High Altitude Pulmonary Edema

HAPE is the most lethal of the altitude illnesses. Because the condition is easily reversible with descent and oxygen, the cause of death is usually lack of early recognition, misdiagnosis, or inability to descend to a lower altitude. Litigation commonly results from HAPE deaths, a fact worth considering for physicians involved in such cases.

EPIDEMIOLOGY The incidence of HAPE varies from less than 1 in 10,000 skiers in Colorado to 2 to 3 percent of climbers on Mt. McKinley, and was reported as high as 15 percent in some regiments in the Indian army who were airlifted to high altitude during the Indian/Chinese war. Women appear less susceptible than men. Risk factors include heavy exertion, rapid ascent, cold, excessive salt ingestion, use of sleeping medication, and a previous history indicating inherent individual susceptibility. Such susceptibility was recently related to immunogenetic factors,10 as well as to physiologic factors.11 Preexisting respiratory infection predisposes children to HAPE.12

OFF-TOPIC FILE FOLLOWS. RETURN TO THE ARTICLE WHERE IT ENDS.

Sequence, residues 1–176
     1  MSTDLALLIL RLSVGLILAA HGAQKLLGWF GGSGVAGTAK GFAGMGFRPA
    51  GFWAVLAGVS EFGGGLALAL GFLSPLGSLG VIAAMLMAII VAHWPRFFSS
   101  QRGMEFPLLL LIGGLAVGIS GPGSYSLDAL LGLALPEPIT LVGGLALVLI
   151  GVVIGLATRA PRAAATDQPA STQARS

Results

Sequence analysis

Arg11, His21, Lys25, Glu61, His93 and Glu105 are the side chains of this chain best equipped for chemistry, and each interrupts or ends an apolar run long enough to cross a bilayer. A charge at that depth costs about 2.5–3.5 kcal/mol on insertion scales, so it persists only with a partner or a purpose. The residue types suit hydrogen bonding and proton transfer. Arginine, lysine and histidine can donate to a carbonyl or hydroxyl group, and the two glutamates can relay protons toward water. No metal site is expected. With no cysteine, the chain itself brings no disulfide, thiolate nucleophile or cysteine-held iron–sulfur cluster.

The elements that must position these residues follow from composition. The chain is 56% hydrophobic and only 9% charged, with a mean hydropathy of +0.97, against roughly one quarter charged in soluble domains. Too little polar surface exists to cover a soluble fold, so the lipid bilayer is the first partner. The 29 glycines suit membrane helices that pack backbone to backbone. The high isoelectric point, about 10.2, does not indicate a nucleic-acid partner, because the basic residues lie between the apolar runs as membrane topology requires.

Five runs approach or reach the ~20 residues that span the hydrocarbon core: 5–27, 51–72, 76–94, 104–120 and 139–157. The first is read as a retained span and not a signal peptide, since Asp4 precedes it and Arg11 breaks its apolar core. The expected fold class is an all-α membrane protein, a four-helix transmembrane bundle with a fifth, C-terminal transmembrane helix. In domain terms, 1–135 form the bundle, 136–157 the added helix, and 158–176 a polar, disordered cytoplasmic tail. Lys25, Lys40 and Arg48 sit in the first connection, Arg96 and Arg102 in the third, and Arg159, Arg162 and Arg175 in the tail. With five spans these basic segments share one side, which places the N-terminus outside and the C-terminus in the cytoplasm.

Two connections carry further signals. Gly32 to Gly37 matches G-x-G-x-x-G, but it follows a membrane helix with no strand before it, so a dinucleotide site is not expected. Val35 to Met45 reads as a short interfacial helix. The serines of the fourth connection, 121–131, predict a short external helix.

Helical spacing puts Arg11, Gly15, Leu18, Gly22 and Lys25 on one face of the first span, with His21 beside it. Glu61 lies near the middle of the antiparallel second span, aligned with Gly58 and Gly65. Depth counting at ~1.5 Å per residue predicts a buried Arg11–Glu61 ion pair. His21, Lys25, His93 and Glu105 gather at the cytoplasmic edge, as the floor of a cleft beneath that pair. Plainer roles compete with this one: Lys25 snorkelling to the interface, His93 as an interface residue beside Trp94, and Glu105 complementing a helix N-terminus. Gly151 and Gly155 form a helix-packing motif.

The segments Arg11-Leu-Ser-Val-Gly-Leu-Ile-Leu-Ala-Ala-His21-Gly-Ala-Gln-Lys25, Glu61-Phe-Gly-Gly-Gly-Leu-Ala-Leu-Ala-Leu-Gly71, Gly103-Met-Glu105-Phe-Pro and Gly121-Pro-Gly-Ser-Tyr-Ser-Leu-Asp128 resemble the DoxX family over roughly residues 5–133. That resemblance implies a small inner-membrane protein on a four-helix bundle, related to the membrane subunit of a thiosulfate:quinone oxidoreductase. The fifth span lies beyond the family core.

CLINICAL PRESENTATION (T§b.!e...191:3) Early in the course of illness, when the edema is still interstitial or localized, the victim develops a dry cough, decreased exercise performance, dyspnea on exertion, increased recovery time from exercise, and localized rales, usually in the right midlung field. Late in the course of the illness, there develops tachycardia, tachypnea, and dyspnea at rest, marked weakness, productive cough, cyanosis, and more generalized rales. As hypoxemia worsens, consciousness becomes impaired. Victims usually become comatose and then die. Early diagnosis is critical, and decreased exercise performance and dry cough is enough to raise the suspicion of early HAPE. The typical victim is strong and fit and may or may not have symptoms of AMS before onset of HAPE. The condition typically worsens at night and is noticed most commonly on the second night at a new altitude. Unfortunately, rales may not be audible in 30 percent of persons with HAPE at rest but can be elicited immediately after a short bout of exercise. Fever up to 38.5°C is common, and tachycardia and tachypnea generally correlate with the severity of illness. On cardiac auscultation, a prominent P2 and right ventricular heave may be appreciated. ECG generally reveals right axis deviation and a right ventricular strain pattern consistent with acute pulmonary hypertension. Chest x-ray findings progress from interstitial to localized alveolar to generalized alveolar infiltrates as the illness progresses from mild to severe. 13

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